Question: Robert, we live in Santa Clarita and recently had water intrusion to our downstairs bedroom, during the last rains. The ceiling and walls are both affected and though we’ve called it in to the management company, these wet areas have yet to be opened, and not even a roofer has shown up at our home. I am concerned about mold especially given that I have severe asthma. Is this valid, should I be worried?
Answer: Al, absolutely you should be concerned. It only takes 72 hours in the optimal conditions (cold, dark and wet), for mold spores to begin growth. My best advice to you is for you to reach out to what sounds like a lazy management company, via email. Generally, once you have a paper trail going with photos and information, things get moving. Find out who your property manager is and if you can, cc their boss in the email. Document dates, times, add photos and your expectations. I also recommend that you look at your CC&Rs and become familiar with exactly what is written showing their responsibilities. Stating these facts in your email certainly can’t hurt, and it’ll help you know what their legal responsibilities are plus what leeway they have for responding. They first need to get a crew out to remediate, meaning remove all of the wet materials. This will be drywall, insulation and anything else such as carpeting that may have been soaked. They’ll set dryers and possibly dehumidifiers, which will help dry the space. If they do in fact find mold, depending on the square footage of what is found, this could go into a much bigger and more expensive issue for them. Once an area larger than 4 square feet of mold is found, a mold remediation company has to be involved. This includes tenting, cleaning, air purifying and testing.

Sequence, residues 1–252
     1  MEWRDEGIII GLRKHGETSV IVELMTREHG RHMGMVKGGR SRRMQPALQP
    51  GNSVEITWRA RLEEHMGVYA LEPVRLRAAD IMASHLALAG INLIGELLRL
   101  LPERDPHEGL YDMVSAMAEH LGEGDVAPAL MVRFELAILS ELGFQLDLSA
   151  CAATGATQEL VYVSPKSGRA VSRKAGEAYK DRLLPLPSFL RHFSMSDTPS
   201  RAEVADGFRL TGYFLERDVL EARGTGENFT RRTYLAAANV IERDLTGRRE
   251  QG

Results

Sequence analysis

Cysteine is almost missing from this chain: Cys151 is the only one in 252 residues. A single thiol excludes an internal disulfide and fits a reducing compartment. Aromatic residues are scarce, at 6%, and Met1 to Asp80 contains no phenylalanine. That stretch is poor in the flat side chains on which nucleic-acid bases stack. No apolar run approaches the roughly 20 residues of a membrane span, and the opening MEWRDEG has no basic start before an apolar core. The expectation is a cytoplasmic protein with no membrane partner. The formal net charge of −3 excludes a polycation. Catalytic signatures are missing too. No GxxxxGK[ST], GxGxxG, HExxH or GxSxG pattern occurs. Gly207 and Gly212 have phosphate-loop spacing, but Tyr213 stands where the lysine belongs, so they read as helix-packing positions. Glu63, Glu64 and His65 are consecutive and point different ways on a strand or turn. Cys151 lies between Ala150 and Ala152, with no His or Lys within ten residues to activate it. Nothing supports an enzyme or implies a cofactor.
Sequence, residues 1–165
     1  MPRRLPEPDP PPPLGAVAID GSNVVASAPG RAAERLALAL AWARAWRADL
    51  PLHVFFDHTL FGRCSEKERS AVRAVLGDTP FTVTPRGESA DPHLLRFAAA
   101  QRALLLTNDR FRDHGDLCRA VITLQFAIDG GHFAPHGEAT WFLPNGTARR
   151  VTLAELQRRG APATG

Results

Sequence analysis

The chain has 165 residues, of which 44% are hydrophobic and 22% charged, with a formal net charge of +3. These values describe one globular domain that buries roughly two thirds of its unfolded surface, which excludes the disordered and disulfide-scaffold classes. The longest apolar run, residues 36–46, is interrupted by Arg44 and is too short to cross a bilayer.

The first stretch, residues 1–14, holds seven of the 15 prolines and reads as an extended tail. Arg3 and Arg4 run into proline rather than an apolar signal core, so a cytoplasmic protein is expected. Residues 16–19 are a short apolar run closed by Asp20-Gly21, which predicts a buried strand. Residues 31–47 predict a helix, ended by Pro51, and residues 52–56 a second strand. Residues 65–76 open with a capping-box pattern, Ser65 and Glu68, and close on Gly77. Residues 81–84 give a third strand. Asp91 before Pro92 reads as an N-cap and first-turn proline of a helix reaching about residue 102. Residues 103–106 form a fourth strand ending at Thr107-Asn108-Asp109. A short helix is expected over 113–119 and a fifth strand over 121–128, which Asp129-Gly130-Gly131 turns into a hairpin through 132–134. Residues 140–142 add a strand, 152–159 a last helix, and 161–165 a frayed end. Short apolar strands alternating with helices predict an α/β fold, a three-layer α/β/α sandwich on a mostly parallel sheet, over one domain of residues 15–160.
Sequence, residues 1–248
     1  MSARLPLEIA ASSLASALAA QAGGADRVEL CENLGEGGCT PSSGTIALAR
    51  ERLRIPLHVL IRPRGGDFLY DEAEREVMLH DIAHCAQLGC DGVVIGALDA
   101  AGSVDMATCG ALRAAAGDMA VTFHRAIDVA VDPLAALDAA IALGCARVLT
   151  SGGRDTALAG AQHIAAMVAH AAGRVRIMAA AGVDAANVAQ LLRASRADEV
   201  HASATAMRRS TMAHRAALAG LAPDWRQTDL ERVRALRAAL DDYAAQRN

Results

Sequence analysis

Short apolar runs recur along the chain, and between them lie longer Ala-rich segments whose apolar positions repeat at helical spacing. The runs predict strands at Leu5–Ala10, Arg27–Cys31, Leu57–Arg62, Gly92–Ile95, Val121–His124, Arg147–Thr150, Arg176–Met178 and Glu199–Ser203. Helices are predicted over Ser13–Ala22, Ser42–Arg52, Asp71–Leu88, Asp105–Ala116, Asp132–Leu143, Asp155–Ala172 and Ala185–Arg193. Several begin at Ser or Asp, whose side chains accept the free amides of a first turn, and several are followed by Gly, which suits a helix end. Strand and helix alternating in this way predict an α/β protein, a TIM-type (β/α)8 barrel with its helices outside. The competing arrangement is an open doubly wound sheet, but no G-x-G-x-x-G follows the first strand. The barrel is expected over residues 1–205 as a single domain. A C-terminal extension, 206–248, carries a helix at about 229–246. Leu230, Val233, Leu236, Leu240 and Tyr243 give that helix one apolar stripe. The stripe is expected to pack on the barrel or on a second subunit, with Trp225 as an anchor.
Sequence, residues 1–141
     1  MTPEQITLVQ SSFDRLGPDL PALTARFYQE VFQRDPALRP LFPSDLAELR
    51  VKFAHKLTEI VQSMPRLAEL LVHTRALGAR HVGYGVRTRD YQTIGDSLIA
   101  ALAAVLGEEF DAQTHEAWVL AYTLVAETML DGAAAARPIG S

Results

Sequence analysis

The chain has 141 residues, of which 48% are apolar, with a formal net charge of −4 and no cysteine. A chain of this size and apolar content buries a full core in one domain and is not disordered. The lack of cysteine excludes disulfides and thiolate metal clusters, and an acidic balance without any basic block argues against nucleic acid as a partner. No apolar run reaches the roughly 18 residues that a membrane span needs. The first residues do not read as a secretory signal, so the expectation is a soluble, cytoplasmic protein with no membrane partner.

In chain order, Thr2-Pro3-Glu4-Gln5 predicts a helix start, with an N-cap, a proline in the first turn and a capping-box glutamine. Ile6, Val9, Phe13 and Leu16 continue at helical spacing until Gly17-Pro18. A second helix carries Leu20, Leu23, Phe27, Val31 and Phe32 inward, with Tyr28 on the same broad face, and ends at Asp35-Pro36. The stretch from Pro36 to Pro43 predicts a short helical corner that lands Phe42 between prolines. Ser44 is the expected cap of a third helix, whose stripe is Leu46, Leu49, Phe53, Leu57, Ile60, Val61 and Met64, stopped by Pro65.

Let’s hope it hasn’t gotten that far because this is generally about a week of no-access to this area for the homeowner, due to tenting. Once the area is deemed safe and dry, the testing can begin to find the original source of water intrusion. Water is tricky and what seems like the obvious source isn’t necessarily the source or the only source. They need to get that figured out hopefully prior to the next rains, so this issue does not happen again. They’ll repair their findings, then get to putting your home back in order. Stay on top of them via email. Hopefully that will give them a jolt into action. Best of luck to you.
Robert Lamoureux has more than 40 years of experience as a general contractor , with separate licenses in electrical and plumbing contracting. He owns IMS Construction Inc. in Valencia. His opinions are his own, not necessarily those of The Signal. Opinions expressed in this column are not meant to replace the recommendations of a qualified contractor after that contractor has made a thorough visual inspection. Email questions to Robert at [email protected]